The 2010 Affordable Care Act may end up being a boon for retirement benefits, according to a new study.

The Affordable Care Act has made it easier for workers to get health-care coverage, which has allowed employers to devote more resources to retirement benefits, according to a recent study from Nationwide.

In its 2016 small business owner 401(k) survey, Nationwide found that its respondents were beginning to view retirement benefits as one of the best ways to attract and retain employees.

Almost three out of five respondents, 58 percent, said they intend to increase employer contributions to their workplace retirement plans. Of those, 29 percent said that they are doing so because the Affordable Care Act has made health benefits a lower priority to their employees.

Nationwide believes the Affordable Care Act has commoditized health insurance coverage as more business owners are now able to offer workplace health benefits at a lower cost, and more Americans are able to access alternatives outside of the workplace through health insurance marketplaces.

“The changing health-care marketplace has created an opportunity for business owners to increase investment in retirement benefits offered to employees,” says John Carter, president of Nationwide’s retirement plans business, in a released statement. “Business owners who help their employees prepare for retirement can differentiate their business as a destination for top talent and a place where valuable workers want to stay.”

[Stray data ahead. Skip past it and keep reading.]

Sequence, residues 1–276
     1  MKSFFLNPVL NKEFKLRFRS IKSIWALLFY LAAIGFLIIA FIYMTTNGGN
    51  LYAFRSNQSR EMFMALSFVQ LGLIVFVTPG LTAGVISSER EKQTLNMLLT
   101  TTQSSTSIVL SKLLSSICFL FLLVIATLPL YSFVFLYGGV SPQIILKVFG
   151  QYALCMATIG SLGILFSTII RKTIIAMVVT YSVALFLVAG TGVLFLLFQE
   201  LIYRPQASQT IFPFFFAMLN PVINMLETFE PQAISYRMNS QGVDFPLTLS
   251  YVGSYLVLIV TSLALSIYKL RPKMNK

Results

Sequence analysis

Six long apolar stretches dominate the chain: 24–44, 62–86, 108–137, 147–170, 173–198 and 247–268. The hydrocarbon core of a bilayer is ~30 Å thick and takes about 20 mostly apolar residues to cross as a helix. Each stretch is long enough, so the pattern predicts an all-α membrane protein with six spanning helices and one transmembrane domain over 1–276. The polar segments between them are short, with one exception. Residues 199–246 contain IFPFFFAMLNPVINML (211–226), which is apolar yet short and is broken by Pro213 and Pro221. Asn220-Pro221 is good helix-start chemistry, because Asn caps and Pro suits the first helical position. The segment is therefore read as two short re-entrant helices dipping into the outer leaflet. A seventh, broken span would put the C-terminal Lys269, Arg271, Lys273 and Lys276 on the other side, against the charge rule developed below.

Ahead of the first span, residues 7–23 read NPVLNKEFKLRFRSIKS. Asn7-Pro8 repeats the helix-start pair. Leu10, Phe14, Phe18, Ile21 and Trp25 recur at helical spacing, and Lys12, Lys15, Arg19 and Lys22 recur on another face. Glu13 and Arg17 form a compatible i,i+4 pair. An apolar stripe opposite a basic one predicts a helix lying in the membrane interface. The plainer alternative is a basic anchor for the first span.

Another 43 percent of business owners who intend to increase their plan’s contributions said they are doing so because their retirement plan is more important for attracting and retaining employees as a result of the Affordable Care Act.

At the same time, only one in five of current small business owners who don’t have offer a 401(k) plan say they will offer one in the future. Of that number, 23 percent said it was because a 401(k) plan is now more important for attracting and retaining employees than health insurance because of the Affordable Care Act.

Across the entire survey, 86 percent of respondents said that America’s workers are facing a retirement readiness crisis, which Nationwide calls “significant” because small businesses make up more than 99 percent of American employers and employ nearly 50 percent of all private-sector workers.

Yet Nationwide found that small employers’ mistaken assumptions about workplace retirement plans still present a barrier to entry. According to the study, owners tend to think small business 401(k) plans are too expensive to offer, difficult to shop for and stand at a major disadvantage to larger employers’ plans—none of which is true, Nationwide says.